Central Queensland landholders tackling pasture dieback

How Injune organic graziers are managing pasture dieback on their property

Beef
Arcadia Valley producers Owen, Brigid, and Rob Price have planted desmanthus at Hillyvale.

Arcadia Valley producers Owen, Brigid, and Rob Price have planted desmanthus at Hillyvale.

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Central Queensland graziers are taking on pasture dieback head on, achieving positive results.

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Healthy soils and pastures are the key to success for Arcadia Valley organic beef producers, Owen and Brigid Price, Hillyvale, Injune.

However, the Prices are among the group of Queensland producers whose productivity has been impacted by pasture dieback.

They have identified up to 1500 hectares of badly affected dieback zones within their 21,000ha operation.

Mr Price said the block of land which is mainly affected is part of their growing enterprise, which is located in their better country.

"At this stage we've identified it and worked out the areas in the paddocks it is in and we've got a management program going forward," Mr Price said.

"We're now in the process of removing cattle from those paddocks, which is taking time and this only happened mid-January.

"We've run the offsets over one paddock which is 300ha and we destocked that paddock. We farmed it from one side to the other and we've decided to plant Progardes desmanthus, as we thought a legume crop would be better than nothing.

"We've had a very good germination and we picked up 44 millimetres after we finished planting."

The Price family have recently run offsets across 300ha of pasture dieback at their Hillyvale block to plant desmanthus. Picture: Brigid Price

The Price family have recently run offsets across 300ha of pasture dieback at their Hillyvale block to plant desmanthus. Picture: Brigid Price

Mr Price said they live in heavy grass growing country, which has been tough for their legumes to establish, because the grass is so competitive.

"There is an opportunity in Buffel country, we've got an opportunity to put legumes in, where we wouldn't normally be able to do that and there's the positive benefits for the soil out of that," he said.

The Prices recently hosted a paddock field day and invited more than 50 people to show them their dieback situation and how they're managing it successfully.

"We hosted the field day at home where we could physically show them the dieback on our property and how we have managed the risk by offsetting and legume planting," he said.

"It's a communication thing because dieback is located from the border and right up past Cairns, so the likelihood is if you don't have it, you're going to get it.

"People don't want to think about having it because what would that mean, and the thought of dieback can cause ongoing issues.

"When these issues in our industry come up, people are a lot more likely to go to a field day and see it and know exactly what they're dealing with."

More than 50 central Queensland producers attended the Prices property at Hillyview in Injune back in March. Picture: Stuart Buck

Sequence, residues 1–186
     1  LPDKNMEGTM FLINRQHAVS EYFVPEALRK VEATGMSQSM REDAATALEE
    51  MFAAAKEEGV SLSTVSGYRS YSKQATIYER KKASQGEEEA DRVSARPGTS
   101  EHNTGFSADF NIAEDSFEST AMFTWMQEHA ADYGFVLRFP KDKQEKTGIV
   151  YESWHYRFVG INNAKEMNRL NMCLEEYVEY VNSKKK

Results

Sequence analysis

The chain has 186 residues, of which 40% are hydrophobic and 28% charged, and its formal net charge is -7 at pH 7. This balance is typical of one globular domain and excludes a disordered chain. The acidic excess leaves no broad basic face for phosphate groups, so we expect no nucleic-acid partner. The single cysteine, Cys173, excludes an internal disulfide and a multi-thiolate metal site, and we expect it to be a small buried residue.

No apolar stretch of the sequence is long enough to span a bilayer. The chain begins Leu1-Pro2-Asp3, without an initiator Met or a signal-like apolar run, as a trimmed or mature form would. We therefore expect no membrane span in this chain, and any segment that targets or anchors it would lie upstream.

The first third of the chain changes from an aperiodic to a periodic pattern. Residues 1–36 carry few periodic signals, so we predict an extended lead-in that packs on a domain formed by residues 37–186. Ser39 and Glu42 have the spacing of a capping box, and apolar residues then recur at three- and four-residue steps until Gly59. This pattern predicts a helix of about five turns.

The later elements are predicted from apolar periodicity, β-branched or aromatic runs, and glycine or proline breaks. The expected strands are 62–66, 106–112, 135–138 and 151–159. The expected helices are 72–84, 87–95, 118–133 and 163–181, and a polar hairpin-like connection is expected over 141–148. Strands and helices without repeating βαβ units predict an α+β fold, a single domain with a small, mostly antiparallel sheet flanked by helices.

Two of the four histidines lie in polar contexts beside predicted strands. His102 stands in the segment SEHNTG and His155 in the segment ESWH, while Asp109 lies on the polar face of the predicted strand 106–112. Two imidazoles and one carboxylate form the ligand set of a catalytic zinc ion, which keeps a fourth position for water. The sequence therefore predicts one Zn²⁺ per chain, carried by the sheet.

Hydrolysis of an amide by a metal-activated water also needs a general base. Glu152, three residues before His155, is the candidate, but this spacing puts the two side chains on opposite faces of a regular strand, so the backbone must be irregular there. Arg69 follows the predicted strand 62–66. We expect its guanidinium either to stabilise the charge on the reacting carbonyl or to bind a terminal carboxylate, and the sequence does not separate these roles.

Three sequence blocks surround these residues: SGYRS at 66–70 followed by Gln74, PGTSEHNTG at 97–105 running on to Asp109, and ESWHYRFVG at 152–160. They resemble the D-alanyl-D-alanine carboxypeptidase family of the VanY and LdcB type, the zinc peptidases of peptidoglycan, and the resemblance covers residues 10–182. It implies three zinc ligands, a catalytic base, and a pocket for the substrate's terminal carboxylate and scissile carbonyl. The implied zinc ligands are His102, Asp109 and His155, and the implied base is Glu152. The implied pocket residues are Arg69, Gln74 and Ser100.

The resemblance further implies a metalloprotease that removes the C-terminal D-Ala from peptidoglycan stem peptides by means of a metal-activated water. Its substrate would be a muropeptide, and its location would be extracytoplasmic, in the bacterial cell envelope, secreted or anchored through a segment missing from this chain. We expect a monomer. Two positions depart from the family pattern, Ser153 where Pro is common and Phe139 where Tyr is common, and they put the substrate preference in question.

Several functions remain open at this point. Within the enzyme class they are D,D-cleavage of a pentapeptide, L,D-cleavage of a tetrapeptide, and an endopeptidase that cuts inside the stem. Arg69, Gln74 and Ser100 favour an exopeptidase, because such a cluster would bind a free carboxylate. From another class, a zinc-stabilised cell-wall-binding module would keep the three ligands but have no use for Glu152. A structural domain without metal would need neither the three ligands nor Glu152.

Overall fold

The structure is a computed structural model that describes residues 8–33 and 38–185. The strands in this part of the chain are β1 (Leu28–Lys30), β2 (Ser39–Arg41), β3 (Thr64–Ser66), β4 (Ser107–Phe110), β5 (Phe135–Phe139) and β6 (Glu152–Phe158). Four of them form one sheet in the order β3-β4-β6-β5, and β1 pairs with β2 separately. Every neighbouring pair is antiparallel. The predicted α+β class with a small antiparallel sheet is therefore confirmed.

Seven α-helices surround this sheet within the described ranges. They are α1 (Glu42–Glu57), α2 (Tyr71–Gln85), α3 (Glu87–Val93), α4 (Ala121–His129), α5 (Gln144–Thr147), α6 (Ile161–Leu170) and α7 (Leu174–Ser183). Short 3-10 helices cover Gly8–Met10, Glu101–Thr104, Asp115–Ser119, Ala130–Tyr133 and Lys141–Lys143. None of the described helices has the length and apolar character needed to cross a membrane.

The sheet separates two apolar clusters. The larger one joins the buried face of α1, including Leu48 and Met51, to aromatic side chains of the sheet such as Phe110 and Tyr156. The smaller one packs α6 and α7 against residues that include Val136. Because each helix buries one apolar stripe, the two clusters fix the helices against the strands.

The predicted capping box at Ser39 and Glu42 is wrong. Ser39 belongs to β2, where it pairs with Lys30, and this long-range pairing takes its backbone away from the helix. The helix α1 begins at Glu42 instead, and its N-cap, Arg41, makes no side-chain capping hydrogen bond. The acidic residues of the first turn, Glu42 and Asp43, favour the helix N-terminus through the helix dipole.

More than 50 central Queensland producers attended the Prices property at Hillyview in Injune back in March. Picture: Stuart Buck

Upskilling producers to improve detection

PASTURE dieback has been an ongoing threat to pastoral regions since its first detection in central Queensland in the early 1990s.

The poorly understood condition causes unthrifty growth and death of otherwise very productive pastures and has since accelerated in a range of sown and native grasses across Queensland.

The occurrence of dieback in pastures has impacted profitability and is a major concern for the grazing industry.

The Department of Agriculture and Fisheries recently held meetings at Taroom, Emerald and Injune to help landholders better understand the condition.

DAF senior agronomist Stuart Buck spoke at the events to share his extensive knowledge of pasture dieback research.

Mr Buck said the forums were a success, attracting more than 100 people from across central Queensland.

Unaffected Biloela buffel grass surrounded by affected Gayndah buffel grass.

Unaffected Biloela buffel grass surrounded by affected Gayndah buffel grass.

"The purpose of these paddock walks and meetings was to upskill landholders in the identification of pasture dieback and to improve their knowledge of potential management solutions," Mr Buck said.

"It's important for landholders to actually visualise what dieback looks like in the paddock and to understand what management solutions or management practices those graziers have actually implemented themselves to address the condition.

"For instance, water logging and Buffel grass look very similar to pasture dieback, so it's important that graziers get out in the paddocks and identify the true condition.

"Generally after a good rainfall event is an ideal time to be on the lookout, particularly if the grazier is in a known dieback region already."

Mr Buck said some graziers have successfully implemented management practices in tackling the recurring problem.

"A property in Taroom has done some burning and the response has been pretty good, while the Prices at Injune have planted desmanthus," he said.

"Dieback is spreading out over time, and in Injune and Taroom, those two areas particularly have only been broadly affected in the last year or two."

  • If you are concerned about pasture dieback, call DAF on 13 25 23 or visit your local DAF office to talk to a representative.
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